Masterclass low-budget director Greydon Clark’s sci-fi/horror cult classic Without Warning arrives for a second run on Blu-ray thanks to Kino Lorber Studio Classics. This alien invasion film proudly wears its budget on its sleeves pulling off some genuine thrills and chills with solid effects work and a great cast including Jack Palance, Martin Landau, and Cameron Mitchell. With a new transfer, clean audio, and a slew of archival bonus features, if you missed out on the 2014 disc, this is a great pickup. Recommended
These things have been seen for years. They’re here. It’s a fact. They’re not invading the big cities and laying waste to our national monuments with giant lasers from the sky, no, they’re attacking us quietly and undetected in our rural communities. Crazed former army sergeant Fred Dobbs (Martin Landau) has been trying to tell everyone but no one listens. When coed campers Greg (Christopher Nelson) and his girlfriend Sandy (Tara Nutter) head out to the lake with their friends, they’re set upon by flying flesh-eating creatures. But something is controlling these beasts. Something horrible. Local game hunter Joe Taylor (Jack Palance) may be the only man capable of stopping this intergalactic menace.
Folks outside of the Mystery Science Theater 3000 community may not know the name Greydon Clark, but for a subsection of fans, he’s low-budget movie royalty. His films Angels Revenge (also known as Angels Brigade and 7 From Heaven) and Final Justice are probably his most famous flicks for that reason. But give this man a modest budget and he can churn out satisfyingly entertaining features like Black Shampoo, Satan’s Cheerleaders, and the 1980 gem Without Warning.
Playing closer to a slasher film with an alien invasion bent, Without Warning is another of Clark’s low-budget wonders that pushes every penny to the breaking point but still delivers a polished and entertaining show. Shot by legendary cinematographer Dean Cundey and made on a scant budget of $150,000 - the film makes the most of what it has to use. A lot of the weight of the show is carried by two great lead performances from Jack Palance and Martin Landau - their fees alone ate up over half the budget. Using every trick of the book from small practical effects to simply turning out the lights, Clark stitches together a tight, tense, little alien invasion film.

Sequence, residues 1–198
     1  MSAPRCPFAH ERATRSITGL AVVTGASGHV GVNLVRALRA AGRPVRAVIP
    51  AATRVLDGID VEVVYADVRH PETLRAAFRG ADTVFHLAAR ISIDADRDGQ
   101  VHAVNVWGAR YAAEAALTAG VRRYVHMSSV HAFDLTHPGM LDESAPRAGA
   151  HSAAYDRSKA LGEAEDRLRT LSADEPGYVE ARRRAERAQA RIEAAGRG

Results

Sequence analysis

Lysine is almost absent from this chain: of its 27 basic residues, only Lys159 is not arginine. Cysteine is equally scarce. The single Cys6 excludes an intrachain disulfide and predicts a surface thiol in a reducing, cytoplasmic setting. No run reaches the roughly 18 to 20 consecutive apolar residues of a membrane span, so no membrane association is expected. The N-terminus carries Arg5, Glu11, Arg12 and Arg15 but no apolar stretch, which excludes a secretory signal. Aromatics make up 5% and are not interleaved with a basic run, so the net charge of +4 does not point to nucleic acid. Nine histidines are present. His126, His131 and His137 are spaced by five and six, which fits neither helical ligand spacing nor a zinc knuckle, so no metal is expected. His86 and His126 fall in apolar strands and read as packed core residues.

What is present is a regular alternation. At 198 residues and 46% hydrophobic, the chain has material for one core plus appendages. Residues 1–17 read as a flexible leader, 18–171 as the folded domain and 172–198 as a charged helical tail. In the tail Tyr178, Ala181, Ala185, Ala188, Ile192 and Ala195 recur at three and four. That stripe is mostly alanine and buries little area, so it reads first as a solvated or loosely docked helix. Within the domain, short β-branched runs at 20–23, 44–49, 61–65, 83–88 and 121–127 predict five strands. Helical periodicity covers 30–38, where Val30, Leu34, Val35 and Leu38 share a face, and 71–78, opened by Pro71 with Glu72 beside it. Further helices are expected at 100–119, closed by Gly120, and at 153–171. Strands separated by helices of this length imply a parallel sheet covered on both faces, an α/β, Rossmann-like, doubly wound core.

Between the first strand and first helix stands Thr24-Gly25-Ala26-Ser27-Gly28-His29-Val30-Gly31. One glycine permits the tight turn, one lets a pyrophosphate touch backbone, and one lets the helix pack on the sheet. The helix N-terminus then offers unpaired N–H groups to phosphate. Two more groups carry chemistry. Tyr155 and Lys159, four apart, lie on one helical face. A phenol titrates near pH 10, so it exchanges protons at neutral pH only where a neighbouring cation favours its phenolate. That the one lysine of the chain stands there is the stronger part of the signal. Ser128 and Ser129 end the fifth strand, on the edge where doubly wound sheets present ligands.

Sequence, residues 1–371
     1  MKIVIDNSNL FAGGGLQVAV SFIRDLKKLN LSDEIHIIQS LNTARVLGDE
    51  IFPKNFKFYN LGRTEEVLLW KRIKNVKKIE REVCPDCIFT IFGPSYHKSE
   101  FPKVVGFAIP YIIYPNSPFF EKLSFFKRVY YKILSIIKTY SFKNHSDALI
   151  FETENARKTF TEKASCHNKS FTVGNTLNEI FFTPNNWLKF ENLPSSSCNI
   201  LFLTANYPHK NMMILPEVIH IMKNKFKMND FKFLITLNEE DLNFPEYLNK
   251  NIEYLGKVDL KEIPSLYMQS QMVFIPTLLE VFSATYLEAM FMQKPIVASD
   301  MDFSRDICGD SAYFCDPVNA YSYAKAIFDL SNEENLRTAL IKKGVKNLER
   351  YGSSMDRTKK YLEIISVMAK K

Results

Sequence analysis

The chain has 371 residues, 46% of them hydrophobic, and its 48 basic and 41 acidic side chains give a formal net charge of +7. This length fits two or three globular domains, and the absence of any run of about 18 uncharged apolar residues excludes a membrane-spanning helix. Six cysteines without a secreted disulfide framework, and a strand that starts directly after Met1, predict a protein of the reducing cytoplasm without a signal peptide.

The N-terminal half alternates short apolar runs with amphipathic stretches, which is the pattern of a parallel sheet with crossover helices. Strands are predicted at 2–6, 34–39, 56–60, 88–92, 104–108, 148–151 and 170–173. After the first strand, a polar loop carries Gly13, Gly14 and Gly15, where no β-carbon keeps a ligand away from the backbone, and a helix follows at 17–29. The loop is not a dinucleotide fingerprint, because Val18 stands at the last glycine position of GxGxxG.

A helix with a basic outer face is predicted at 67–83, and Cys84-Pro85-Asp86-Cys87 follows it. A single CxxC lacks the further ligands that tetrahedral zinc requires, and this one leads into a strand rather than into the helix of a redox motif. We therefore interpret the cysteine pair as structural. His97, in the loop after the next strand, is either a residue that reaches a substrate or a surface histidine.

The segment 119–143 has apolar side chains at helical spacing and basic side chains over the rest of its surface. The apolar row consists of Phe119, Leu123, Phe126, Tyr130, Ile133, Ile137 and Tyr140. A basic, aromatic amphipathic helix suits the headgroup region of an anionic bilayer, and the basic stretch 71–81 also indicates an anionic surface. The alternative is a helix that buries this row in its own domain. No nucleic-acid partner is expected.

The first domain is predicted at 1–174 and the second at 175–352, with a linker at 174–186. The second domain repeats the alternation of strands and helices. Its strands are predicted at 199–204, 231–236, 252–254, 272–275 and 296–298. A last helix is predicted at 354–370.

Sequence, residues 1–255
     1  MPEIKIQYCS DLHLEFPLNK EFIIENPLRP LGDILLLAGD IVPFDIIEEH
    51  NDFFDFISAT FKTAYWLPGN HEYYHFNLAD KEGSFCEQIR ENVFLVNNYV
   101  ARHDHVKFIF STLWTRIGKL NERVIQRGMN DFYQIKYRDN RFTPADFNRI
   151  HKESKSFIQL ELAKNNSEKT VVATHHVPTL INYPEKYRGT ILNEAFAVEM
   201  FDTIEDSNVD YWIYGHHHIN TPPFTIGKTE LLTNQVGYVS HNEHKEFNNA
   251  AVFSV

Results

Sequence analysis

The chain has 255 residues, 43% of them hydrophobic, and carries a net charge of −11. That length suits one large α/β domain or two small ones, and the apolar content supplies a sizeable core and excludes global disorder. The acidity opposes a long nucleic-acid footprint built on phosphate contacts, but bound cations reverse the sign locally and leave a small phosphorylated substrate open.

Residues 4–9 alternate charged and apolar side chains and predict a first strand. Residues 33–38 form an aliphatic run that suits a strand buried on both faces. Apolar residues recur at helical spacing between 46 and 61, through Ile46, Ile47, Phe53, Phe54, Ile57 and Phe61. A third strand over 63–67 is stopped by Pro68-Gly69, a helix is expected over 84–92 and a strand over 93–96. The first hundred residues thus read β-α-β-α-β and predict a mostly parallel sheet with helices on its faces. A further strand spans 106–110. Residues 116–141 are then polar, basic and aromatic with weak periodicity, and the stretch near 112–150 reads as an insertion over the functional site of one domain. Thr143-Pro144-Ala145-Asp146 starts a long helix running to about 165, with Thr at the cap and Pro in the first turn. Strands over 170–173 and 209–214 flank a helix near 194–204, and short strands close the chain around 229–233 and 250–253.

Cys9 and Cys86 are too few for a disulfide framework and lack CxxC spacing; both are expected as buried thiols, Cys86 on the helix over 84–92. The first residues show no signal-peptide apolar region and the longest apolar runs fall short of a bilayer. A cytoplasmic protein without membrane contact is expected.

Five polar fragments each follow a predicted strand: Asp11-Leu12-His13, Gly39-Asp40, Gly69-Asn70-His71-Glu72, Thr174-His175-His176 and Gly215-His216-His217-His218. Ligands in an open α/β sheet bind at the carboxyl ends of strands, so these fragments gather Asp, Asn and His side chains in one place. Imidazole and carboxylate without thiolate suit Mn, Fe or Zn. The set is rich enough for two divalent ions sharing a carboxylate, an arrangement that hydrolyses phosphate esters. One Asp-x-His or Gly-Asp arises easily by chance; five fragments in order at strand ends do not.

I have a lot of love for movies that don’t hold back and just go for it. Without Warning may be a simply unsurprising film, but it manages to do some good work. Palance and Landau are clearly having a great time chewing the celluloid scenery while the young cast of nobodies and first-timers - including a very young pre-First Blood David Caruso - are giving it everything they’ve got. Cameron Mitchell even drops by for what amounts to a quick cameo but he sells his brand of crazy with vigor. I especially enjoy this film’s practical effects. The flying disc munchers are a nice touch delivering the required blood and guts for this entry while also being a fun callback to b-movie maestro Roger Corman’s 1956 classic It Conquered The World.
Sure, Without Warning isn’t going to be accused of being the biggest and best of the genre, but for its own subsection of low-budget thrillers, it’s a solid film. One could poke and prod it all day long, but looking for silly defects distracts from what is essentially a well-tailored, smartly executed little sci-fi film. Of his catalog of features, I’d put it as a top-tier effort from Greydon Clark that proves to be a wildly entertaining little show. Palance is always at his usual best as the hunter who knows what’s what. Landau gets to go full conspiracy theory crazy in a way that is far more satisfying than his appearance in The X-Files: Fight the Future. To top it off you have a very young Kevin Peter Hall practicing his Alien Invader chops before he became the famous intergalactic hunter, Predator. Without Warning is just fun, so kick back and enjoy yourself!